Bird species using cavity nests account for a large proportion across avian kingdom, e.g. at least 1878 species (18.1% of all bird species in the world) nest in tree cavities (van de Hoek et al. 2017). Groups of cavity-nesting birds are tightly associated with the phylogenies, i.e. the large branch of land birds defined as ‘Cavitaves’ (rollers, woodpeckers, hornbills, trogons, cuckoo rollers and mousebirds), Muscicapoidea (e.g. Muscicapidae and Sturnidae), Certhoidea (e.g. Sittidae, Certhidae, Troglodytidae and Paridae) and some Passeridea of passerines. We believe that light-level geolocators can be more widely used on cavity-nesting birds for documenting their incubation behaviour.

Availability of data and materials

The datasets used in the present study are available from the corresponding author on reasonable request.


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We are grateful to all the volunteers taking part in the field work, and Dick Newell of Action for Swifts, Susanne Åkesson of Lund University, and Migrate Technology Ltd for providing the geolocators. We also appreciate the support from Management office of Summer Palace and Beijing Wildlife Rescue & Rehabilitation Center, and the help from National Bird Banding Center of China and Beijing Bird Banding Station.


This project was funded by SHAN SHUI Conservation Centre, Beijing.

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YL conceived and designed the study. XH and YZ performed the data analyses and wrote the manuscript with inputs by YL. All authors read and approved the final manuscript.

Corresponding author

Correspondence to Yang Liu.

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Ethical approval and consent to participate standards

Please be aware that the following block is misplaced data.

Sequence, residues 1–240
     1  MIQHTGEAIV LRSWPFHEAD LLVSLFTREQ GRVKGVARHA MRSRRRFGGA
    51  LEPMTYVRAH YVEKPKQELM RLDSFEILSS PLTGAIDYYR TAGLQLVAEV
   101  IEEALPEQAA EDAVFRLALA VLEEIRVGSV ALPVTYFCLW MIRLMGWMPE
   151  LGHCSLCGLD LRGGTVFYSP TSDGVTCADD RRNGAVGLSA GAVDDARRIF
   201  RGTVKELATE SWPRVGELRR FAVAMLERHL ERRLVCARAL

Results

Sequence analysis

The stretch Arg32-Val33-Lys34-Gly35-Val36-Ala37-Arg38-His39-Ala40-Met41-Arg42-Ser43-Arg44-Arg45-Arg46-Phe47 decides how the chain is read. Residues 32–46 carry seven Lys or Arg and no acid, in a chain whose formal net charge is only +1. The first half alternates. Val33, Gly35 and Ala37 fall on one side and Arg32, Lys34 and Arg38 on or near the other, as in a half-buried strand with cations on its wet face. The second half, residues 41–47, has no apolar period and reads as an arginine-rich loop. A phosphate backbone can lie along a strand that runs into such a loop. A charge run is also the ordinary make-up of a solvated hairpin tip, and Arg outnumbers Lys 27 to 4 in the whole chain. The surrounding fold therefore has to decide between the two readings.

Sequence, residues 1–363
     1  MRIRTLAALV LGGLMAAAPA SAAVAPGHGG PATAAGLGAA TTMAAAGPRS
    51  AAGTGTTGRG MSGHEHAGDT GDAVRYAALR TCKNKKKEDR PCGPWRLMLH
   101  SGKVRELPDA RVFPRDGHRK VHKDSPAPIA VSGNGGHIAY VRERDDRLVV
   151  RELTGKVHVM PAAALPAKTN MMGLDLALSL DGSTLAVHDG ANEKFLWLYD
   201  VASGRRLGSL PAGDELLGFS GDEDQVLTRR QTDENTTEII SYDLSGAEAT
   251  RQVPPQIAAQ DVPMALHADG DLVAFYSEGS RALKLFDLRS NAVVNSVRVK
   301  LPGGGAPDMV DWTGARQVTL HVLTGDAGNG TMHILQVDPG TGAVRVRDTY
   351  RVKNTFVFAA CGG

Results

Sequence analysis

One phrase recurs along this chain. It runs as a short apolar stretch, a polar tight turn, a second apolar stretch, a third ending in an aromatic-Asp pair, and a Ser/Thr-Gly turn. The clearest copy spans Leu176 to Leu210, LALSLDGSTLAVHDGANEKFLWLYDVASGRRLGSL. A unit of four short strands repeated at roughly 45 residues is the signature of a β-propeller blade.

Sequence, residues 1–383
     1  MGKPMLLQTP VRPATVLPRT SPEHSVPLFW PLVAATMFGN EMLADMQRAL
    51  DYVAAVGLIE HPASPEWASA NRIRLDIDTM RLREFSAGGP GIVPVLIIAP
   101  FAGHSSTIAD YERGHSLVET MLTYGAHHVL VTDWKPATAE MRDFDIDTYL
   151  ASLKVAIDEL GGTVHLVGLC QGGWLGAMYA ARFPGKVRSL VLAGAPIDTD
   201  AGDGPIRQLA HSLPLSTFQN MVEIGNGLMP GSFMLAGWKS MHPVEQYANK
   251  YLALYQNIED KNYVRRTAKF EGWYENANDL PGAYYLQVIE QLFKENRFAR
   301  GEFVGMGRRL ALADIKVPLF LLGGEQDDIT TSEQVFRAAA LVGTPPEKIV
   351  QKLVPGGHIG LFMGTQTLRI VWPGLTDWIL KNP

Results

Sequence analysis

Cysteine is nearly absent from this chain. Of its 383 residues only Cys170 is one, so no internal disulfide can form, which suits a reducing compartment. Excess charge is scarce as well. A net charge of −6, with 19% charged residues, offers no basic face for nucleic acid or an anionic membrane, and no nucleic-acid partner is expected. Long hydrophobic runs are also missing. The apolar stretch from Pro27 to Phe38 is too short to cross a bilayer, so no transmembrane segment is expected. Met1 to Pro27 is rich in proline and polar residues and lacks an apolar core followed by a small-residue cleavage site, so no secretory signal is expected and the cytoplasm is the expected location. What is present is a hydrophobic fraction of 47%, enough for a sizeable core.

This article does not contain any studies with human participants performed by any of the authors. The experiments comply with the current laws of China. Bird capturing and tagging was approved by Beijing Gardening and Greening Bureau.

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Not applicable.

Competing interests

The authors declare that they have no competing interests.

Supplementary Information

Additional file 1: Figure S1.

Daily light level change of all six individuals of Beijing Swift in the reproduction period. Figure S2. Box plots of possible incubation bouts in the whole breeding season of six Beijing Swifts.

Additional file 2: Table S1.

The specific onset and end date of different reproduction period of six individuals of Beijing Swifts inferred from light-level geolocators.

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Huang, X., Zhao, Y. & Liu, Y. Using light-level geolocations to monitor incubation behaviour of a cavity-nesting bird Apus apus pekinensis. Avian Res 12, 9 (2021).